Since then, Spurs have spiralled out of control. Jose Mourinho was sacked, so was Nuno Espirito Santo, and Antonio Conte sent Hotspur Way into flames with a post-match press conference at Southampton. Chaos has been the number one word in N17.
Yet despite all the drama, there has been one recurring theme in North London - Spurs' lack of creativity. Giovani Lo Celso and Tanguy Ndombele provided a brief spark but it never materialised into something meaningful.
It led to the Lilywhites having one clear mission this summer transfer window; sign James Maddison. After back-and-forth negotiations with the Foxes, that dream became reality. The Englishman joins Spurs on a five-year deal from Leicester for a rumoured fee of £40million plus add-ons. So what will the playmaker offer Spurs, and can he reignite the flame Eriksen left behind?
Maddison's dynamic spark
Maddison's stats speak for themselves in years gone by. In the past three Premier League seasons, the playmaker has registered 22 assists, the eighth most of anyone in the league. He's even achieved ten goals or more in the past two seasons. In a side where Spurs have lacked a goalscoring threat outside of Heung-Min Son and Harry Kane, Maddison will provide a new dimension in the final third.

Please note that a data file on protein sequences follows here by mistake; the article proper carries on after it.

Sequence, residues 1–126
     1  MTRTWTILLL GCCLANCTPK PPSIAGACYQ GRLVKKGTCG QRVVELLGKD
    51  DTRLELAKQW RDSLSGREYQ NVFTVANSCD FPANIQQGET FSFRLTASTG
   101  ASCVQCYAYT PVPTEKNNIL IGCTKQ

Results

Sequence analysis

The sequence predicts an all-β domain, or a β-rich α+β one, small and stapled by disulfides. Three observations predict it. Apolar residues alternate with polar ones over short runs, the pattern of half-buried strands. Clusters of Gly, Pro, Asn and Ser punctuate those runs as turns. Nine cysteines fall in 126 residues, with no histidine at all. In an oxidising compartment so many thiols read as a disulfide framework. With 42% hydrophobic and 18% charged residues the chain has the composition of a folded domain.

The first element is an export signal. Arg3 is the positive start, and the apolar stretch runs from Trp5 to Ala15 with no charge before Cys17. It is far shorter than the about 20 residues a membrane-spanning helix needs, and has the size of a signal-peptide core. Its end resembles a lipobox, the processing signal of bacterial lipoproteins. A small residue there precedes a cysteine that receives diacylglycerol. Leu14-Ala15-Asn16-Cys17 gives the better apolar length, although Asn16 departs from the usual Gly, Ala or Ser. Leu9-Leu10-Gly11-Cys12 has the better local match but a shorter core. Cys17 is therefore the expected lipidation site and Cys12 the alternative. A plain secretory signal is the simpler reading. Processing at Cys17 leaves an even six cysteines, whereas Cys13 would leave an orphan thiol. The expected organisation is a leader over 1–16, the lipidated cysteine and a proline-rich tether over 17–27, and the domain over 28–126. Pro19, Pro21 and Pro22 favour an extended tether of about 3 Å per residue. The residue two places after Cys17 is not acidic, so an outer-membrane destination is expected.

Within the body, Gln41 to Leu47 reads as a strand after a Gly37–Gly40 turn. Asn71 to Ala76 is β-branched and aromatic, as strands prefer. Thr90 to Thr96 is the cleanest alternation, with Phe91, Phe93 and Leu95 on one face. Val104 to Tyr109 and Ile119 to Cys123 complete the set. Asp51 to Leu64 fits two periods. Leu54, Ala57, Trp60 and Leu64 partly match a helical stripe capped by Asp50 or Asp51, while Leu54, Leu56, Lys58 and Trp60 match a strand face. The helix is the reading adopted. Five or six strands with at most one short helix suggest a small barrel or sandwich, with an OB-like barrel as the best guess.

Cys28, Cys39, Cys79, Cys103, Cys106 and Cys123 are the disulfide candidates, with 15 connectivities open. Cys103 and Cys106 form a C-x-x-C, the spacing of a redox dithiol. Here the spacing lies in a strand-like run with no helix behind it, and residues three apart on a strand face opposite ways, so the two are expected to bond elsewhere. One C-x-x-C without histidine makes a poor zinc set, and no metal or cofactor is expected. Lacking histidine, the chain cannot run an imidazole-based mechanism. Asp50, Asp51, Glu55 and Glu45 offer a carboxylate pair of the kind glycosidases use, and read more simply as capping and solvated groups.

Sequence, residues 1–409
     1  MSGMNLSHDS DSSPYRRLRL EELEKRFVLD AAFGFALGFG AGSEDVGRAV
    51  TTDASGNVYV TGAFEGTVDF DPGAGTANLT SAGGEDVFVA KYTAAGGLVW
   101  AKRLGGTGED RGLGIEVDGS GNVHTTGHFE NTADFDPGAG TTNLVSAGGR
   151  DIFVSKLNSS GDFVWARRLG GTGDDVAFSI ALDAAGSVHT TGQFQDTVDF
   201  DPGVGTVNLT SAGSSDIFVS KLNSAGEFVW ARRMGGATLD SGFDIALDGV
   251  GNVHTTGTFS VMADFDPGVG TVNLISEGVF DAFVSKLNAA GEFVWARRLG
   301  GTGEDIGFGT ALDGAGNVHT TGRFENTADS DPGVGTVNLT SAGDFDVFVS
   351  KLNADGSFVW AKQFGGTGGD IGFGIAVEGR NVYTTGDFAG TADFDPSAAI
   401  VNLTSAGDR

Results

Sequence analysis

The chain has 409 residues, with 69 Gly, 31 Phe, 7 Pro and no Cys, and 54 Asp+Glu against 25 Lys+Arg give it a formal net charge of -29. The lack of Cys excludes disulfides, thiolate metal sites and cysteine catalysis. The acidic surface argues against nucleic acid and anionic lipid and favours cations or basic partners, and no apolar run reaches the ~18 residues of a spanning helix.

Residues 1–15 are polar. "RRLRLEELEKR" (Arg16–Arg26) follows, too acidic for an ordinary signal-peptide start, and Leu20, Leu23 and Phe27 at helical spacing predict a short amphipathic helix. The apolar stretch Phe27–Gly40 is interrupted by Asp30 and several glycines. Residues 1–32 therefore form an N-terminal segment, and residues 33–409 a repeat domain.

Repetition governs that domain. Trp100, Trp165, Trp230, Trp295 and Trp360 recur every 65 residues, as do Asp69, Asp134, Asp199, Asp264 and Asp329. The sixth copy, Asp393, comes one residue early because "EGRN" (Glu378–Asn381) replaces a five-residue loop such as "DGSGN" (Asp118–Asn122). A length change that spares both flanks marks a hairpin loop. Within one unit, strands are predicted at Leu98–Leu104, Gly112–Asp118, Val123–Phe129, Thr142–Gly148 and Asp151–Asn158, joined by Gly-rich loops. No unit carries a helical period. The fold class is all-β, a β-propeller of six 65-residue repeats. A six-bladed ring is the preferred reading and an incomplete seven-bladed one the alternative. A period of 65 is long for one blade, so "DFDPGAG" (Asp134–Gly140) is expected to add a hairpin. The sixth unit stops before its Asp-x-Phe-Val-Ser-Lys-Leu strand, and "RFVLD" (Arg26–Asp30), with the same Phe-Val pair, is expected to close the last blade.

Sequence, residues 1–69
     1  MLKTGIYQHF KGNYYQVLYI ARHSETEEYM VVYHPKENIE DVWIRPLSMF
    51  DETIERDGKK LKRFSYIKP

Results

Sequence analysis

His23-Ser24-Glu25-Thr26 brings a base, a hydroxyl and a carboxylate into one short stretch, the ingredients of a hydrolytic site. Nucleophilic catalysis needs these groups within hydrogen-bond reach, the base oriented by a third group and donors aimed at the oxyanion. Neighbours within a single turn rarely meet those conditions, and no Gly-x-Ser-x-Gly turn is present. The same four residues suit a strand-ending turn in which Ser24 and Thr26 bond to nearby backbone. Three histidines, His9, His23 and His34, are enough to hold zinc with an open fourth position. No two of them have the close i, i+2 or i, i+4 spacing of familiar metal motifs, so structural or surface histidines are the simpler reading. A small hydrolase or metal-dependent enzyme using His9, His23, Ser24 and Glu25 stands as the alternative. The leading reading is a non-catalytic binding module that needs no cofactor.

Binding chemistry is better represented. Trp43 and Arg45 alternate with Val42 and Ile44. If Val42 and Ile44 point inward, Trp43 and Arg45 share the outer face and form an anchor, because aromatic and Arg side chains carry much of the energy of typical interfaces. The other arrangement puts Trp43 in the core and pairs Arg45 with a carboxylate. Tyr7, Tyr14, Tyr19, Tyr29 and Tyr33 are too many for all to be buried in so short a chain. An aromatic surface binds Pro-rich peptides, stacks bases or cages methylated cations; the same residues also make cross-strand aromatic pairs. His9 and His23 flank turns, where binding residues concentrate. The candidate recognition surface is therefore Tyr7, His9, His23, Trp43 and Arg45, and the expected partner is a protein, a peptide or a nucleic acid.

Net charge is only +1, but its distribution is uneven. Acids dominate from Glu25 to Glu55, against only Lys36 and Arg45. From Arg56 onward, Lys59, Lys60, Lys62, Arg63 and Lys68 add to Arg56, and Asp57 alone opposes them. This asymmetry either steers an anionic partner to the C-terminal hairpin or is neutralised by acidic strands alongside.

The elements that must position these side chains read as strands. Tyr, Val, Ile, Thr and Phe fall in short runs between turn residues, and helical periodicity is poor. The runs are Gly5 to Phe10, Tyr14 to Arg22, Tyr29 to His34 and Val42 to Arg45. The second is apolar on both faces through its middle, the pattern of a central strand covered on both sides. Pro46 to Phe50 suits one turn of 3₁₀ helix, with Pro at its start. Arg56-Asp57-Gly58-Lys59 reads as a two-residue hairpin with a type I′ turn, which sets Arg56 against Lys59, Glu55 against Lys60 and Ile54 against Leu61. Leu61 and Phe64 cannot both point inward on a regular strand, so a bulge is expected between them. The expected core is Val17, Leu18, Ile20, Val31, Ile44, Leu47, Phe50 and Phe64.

Even below the surface, the stats continue to show Maddison's quality. He's created 5.48 progressive passes, and 5.01 shot-creating chances per 90 in the past year. That places him in the top 15% in the percentile, which is even more impressive in a Leicester team that suffered relegation on the final day.
But it is not just the stats that make the Englishman so impressive; his ability to glide past defenders and create dangerous chances makes him exciting to watch.
Maddison can play from the left, before drifting infield and influencing play centrally. When doing so, he has the vision and quality to split defences open - something that is likely to become a huge asset at Spurs with Son's directness. This occurs between the lines and in the half-spaces, where Maddison can be provided with the freedom to show his creative spark.
Maddison's eagerness can sometimes see him waste chances, but on the other hand, that positivity and forward-thinking allows him to create several dangerous and risky opportunities, just like a high-risk, high-reward scenario. When opponents don't press him, it gives him time and space to always look for a player in the box. Whether that is an in-swinging cross or a through-ball, it is always a dangerous asset to have.
Yet Maddison's preference to rotate and roam around the final third could become the key to success at Spurs. Kane is well-known for dropping deep with his precise passing, whilst Dejan Kulusevski has been widely tipped to have a future as a 'ten' instead of out wide. If they can rotate alongside Maddison, it would provide a painful headache for the opposition.
Reigniting Eriksen's finest years
Eriksen's spell at Spurs from 2013 to 2020 was nothing short of remarkable. The Dane, originally brought in alongside a group of seven to replace the outgoing Gareth Bale, took time to adjust to life in North London. But as soon as he did, there was never any looking back.